Medical experts from Maastricht University Medical Centre in the Netherlands have recently confirmed that an elderly woman has become the first known person to die from contracting Coronavirus twice, raising questions about how long immunity and antibodies can last.
According to the experts, this is the first time someone is reported to have died from a second reinfection of Coronavirus. However there have been some reported cases of reinfection worldwide.
The researchers who wrote in a paper accepted for publication in the journal Clinical Infectious Diseases, the 89 year old Dutch woman suffered from a rare type of bone marrow cancer called Waldenström’s macroglobulinemia.
The woman was admitted into hospital earlier this year with a severe cough and fever, after testing positive for COVID-19.
Five days later she was discharged after doctors noticed some persisting fatigue even after her symptoms subsided completely.
Two days into her chemotherapy treatment, just 59 days after the start of the first COVID-19 disease, -the woman developed fever, cough and had difficulty breathing.
She once again tested positive for Coronavirus, and no antibodies were detected in her blood system when tested on days four and six. Her condition deteriorated on day eight and 14 days later, the woman died.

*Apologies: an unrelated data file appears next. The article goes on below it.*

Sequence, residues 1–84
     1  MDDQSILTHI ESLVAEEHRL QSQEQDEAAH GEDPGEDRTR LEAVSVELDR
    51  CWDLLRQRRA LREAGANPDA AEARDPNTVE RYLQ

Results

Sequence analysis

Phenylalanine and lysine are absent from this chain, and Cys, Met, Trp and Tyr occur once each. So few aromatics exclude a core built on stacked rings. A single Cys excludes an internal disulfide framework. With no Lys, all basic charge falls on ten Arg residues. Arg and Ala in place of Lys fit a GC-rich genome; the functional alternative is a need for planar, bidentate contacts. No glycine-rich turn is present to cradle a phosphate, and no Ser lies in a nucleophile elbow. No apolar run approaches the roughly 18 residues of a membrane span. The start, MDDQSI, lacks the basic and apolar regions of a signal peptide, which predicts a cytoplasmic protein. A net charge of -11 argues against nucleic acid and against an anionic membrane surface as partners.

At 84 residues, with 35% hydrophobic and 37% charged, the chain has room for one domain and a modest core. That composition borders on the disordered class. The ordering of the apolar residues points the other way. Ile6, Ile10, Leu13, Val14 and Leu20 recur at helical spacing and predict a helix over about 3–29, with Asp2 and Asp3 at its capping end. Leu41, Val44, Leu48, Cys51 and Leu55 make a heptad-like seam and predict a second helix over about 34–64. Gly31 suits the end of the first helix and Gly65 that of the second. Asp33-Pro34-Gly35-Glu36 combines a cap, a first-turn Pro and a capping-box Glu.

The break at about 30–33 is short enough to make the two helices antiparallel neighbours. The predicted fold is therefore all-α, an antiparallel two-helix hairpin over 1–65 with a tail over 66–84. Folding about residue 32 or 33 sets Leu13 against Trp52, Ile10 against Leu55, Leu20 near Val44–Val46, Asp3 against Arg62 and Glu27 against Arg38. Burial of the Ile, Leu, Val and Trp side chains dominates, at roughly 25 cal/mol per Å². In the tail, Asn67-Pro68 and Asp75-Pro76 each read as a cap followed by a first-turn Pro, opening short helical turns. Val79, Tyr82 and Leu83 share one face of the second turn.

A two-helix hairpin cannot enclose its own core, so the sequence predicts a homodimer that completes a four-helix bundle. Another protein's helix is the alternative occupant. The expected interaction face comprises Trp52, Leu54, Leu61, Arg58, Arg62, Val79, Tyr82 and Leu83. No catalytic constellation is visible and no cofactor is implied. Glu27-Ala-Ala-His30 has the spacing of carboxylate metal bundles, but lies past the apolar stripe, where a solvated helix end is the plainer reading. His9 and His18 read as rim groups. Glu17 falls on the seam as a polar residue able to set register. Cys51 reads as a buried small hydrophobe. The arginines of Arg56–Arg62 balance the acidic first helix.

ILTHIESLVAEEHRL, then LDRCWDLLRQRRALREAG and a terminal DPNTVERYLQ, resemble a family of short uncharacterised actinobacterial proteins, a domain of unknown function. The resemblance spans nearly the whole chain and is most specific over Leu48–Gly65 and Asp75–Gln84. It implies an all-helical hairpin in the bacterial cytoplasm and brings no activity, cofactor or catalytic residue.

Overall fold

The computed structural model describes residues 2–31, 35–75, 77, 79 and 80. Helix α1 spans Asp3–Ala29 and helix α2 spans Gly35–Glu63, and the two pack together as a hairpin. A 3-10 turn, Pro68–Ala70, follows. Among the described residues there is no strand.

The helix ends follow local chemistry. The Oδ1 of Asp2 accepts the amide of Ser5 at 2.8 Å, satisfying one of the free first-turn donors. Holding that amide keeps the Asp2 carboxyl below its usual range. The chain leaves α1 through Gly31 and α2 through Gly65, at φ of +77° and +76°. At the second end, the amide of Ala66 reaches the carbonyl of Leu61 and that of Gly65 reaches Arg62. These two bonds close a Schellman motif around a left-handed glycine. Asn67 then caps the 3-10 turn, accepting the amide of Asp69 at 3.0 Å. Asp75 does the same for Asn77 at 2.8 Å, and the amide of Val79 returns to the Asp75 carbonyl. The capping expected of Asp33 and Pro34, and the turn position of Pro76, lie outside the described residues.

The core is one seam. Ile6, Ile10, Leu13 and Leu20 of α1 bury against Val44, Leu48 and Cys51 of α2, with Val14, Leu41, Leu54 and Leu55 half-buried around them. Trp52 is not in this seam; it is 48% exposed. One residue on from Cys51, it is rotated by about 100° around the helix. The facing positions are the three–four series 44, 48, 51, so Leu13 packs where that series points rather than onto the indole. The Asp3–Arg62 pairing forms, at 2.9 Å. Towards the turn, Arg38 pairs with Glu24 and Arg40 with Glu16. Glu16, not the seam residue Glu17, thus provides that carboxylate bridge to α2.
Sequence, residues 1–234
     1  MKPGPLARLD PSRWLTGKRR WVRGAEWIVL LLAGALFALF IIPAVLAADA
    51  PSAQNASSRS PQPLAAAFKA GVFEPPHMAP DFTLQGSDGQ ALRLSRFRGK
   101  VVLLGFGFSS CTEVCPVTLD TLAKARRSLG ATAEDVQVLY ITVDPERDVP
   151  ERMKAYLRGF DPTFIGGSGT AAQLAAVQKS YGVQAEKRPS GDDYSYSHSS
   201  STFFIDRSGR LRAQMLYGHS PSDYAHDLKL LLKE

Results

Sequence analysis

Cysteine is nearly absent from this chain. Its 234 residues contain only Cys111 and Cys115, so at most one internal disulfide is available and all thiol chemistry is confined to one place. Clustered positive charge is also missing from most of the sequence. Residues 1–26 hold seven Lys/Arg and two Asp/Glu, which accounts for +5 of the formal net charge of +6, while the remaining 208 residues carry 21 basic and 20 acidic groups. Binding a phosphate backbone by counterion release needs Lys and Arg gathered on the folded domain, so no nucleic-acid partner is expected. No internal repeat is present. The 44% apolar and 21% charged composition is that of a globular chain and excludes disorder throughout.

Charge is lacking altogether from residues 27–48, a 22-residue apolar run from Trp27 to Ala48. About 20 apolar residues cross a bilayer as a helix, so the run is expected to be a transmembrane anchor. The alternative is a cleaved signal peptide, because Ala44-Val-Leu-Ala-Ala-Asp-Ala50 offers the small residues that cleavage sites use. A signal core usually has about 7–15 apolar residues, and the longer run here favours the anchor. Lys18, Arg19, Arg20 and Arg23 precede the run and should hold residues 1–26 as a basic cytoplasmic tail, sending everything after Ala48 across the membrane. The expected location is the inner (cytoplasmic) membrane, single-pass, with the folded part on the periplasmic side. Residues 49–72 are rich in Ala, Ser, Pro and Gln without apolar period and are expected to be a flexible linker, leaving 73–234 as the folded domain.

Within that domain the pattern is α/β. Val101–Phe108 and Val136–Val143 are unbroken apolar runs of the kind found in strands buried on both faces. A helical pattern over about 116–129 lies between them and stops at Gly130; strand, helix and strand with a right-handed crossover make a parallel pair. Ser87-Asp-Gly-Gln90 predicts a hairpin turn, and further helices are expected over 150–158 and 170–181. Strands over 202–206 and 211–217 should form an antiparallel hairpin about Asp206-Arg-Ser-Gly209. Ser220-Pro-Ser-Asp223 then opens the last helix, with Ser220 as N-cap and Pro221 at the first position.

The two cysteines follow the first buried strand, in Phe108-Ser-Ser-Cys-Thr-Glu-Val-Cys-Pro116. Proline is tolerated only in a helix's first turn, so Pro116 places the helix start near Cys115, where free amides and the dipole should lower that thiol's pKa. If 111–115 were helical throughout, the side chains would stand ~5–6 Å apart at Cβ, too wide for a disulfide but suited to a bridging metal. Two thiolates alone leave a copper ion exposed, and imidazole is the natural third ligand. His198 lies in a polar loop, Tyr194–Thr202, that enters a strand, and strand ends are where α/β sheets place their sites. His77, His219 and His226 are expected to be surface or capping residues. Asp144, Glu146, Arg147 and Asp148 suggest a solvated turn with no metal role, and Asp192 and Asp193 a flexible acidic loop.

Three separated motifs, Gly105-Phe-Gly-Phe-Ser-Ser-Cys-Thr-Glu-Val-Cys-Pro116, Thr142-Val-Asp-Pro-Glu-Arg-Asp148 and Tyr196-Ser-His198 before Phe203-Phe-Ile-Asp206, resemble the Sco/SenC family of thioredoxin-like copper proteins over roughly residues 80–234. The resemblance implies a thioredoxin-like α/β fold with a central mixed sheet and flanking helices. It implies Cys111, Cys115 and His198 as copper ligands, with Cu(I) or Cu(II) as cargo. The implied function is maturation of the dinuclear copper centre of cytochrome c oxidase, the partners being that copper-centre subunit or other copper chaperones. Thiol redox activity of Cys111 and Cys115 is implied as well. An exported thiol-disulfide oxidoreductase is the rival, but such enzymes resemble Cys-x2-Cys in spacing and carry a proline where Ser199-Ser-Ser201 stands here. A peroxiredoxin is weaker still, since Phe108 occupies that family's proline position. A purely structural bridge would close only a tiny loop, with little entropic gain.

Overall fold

According to the scientists, her immune system was compromised due to the cell-depleting therapy she received but her natural immune response could still have been “sufficient” to fight-off Covid-19, as the type of treatment she received for cancer “does not necessarily result in life threatening disease.”
The woman was not tested between infections, so researchers have no confirmed negative tests.
But after examining blood samples from both cases they found the genetic makeup of the two viruses to be different.
They therefore concluded that “it is likely that the second episode was a reinfection rather than prolonged shedding.”
In the Lancet Infectious Diseases report released this week, researchers said: “Reinfection with SARS-CoV-2 has been reported in at least four individuals worldwide. Thus, previous exposure to SARS-CoV-2 does not necessarily translate to guaranteed total immunity.”
“The implications of reinfections could be relevant for vaccine development and application. From a public health perspective, all individuals—whether previously diagnosed or not—must take identical precautions to prevent infection with SARS-CoV-2. Further work is needed to assess immune reactions in vitro after reinfection.”